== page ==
/// Creates a DateTime of DateTimeKind.Utc
        /// </summary>
        /// <param name="year">The year.</param>
        /// <param name="month">The month.</param>
        /// <param name="day">The day.</param>
        /// <returns>The created DateTime.</returns>
        public static DateTime CreateUtc(int year, int month, int day)
        {
            return DateTime.SpecifyKind(new DateTime(year, month, day), DateTimeKind.Utc);
        }

        /// <summary>
        /// Creates a DateTime of DateTimeKind.Utc
        /// </summary>
        /// <param name="year">The year.</param>
        /// <param name="month">The month.</param>
        /// <param name="day">The day.</param>
        /// <param name="hour">The hour.</param>
        /// <param name="minute">The minute.</param>
        /// <param name="second">The second.</param>
        /// <returns></returns>
        public static DateTime CreateUtc(int year, int month, int day, int hour, int minute, int second)
        {
            return DateTime.SpecifyKind(new DateTime(year, month, day, hour, minute, second), DateTimeKind.Utc);
        }

        /// <summary>
        /// Creates a DateTime of DateTimeKind.Utc
        /// </summary>
        /// <param name="year">The year.</param>
        /// <param name="month">The month.</param>
        /// <param name="day">The day.</param>
        /// <param name="hour">The hour.</param>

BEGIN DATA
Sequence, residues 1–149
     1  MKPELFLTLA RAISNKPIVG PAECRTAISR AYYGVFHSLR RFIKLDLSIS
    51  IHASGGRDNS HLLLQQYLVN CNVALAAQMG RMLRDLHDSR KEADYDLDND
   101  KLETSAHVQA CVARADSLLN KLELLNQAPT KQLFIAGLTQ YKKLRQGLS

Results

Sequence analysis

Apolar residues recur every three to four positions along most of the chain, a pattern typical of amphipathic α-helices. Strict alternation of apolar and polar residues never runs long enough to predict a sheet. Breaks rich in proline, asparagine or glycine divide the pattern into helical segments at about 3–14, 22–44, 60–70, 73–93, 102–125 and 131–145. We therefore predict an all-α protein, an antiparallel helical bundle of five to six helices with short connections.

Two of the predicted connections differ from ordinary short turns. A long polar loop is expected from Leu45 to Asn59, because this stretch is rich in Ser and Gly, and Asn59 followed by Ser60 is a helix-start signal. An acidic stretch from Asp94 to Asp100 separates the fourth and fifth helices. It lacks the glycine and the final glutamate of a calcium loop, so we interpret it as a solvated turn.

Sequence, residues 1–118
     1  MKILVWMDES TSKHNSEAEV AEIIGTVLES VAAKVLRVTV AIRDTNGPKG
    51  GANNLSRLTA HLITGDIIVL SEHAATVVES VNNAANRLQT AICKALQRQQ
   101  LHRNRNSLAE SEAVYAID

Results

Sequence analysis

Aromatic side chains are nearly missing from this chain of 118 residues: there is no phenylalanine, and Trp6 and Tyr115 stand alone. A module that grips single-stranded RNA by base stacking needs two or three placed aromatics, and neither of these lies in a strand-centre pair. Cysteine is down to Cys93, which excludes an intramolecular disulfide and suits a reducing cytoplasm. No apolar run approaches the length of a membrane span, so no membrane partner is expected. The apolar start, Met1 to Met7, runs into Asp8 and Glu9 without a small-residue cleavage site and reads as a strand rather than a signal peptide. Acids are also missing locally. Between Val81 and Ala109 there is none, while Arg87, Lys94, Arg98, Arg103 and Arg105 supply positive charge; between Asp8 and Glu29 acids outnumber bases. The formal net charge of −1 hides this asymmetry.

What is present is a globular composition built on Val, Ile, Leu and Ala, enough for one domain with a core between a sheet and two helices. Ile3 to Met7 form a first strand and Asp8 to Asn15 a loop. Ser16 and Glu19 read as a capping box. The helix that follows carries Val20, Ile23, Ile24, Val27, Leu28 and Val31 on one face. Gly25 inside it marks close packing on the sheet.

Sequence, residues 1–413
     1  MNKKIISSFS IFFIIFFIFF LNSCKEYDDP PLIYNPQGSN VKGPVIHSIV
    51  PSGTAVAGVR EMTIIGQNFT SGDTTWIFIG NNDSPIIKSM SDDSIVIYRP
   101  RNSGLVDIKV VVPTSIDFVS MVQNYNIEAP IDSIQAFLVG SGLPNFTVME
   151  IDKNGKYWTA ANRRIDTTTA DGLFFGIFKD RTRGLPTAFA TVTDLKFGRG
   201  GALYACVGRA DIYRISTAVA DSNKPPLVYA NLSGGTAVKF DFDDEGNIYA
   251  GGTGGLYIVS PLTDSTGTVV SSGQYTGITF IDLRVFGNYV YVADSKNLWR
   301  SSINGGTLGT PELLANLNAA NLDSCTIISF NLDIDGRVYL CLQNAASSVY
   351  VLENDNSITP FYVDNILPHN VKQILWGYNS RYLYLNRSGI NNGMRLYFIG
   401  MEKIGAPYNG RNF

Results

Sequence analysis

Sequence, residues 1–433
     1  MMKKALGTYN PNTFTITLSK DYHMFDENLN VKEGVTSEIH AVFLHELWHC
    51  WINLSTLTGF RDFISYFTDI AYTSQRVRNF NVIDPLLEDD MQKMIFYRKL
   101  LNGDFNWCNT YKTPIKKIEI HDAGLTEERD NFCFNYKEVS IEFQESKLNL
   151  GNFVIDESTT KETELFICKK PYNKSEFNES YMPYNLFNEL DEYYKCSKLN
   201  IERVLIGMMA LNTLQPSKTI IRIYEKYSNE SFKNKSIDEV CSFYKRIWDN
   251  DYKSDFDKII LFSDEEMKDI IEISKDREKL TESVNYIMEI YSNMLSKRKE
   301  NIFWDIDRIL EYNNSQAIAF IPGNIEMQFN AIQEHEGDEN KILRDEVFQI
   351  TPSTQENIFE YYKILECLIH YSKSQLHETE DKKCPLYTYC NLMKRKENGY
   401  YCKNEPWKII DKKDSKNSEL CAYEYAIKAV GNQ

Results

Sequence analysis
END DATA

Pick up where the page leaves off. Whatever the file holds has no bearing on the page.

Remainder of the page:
/// <param name="minute">The minute.</param>
        /// <param name="second">The second.</param>
        /// <param name="millisecond">The millisecond.</param>
        /// <returns></returns>
        public static DateTime CreateUtc(int year, int month, int day, int hour, int minute, int second, int millisecond)
        {
            return DateTime.SpecifyKind(new DateTime(year, month, day, hour, minute, second, millisecond), DateTimeKind.Utc);
        }

        /// <summary>
        /// Resets to using the default TimeProvider (which uses DateTime).
        /// </summary>
        public static void ResetToDefault()
        {
            TimeProvider.current = DefaultTimeProvider.Instance;
        }

        /// <summary>
        /// Override to implement the specific way to return a current DateTime of DateTimeKind.Utc.
        /// </summary>
        /// <returns>A DateTime.</returns>
        protected abstract DateTime RetrieveUtcNow();

        private static TimeProvider current = DefaultTimeProvider.Instance;
    }

These four classes together should solve most of the needs for testable time.

Review: Elemental Design Patterns

Jason McC. Smith has jotted down a few clever words, not so much about design patterns as about Elemental Design Patterns. There is quite a difference. If you haven’t read the original Design Patterns: Elements of Reusable Object-Oriented Software by the now so famous Gang of Four (Erich Gamma, Richard Helm, Ralph Johnson, John Vlissides) you really should. Its an important book.

 

Elemental Design Patterns is an important book, too. It may, eventually, end up being just as famous and having even more influence on development of object oriented software. I hope it will.

 

What is it about? The GoF book was about abstractions that could be hard to recognize in software without knowing what to look for. And even then it could be hard if the software was not built from the ground up using Design Patterns. Jason McC. Smith realized this difficulty while building a system aimed at finding Design Patterns in software. He finally figured out that something more, ehm elemental, was needed. Hence, Elemental Design Patterns.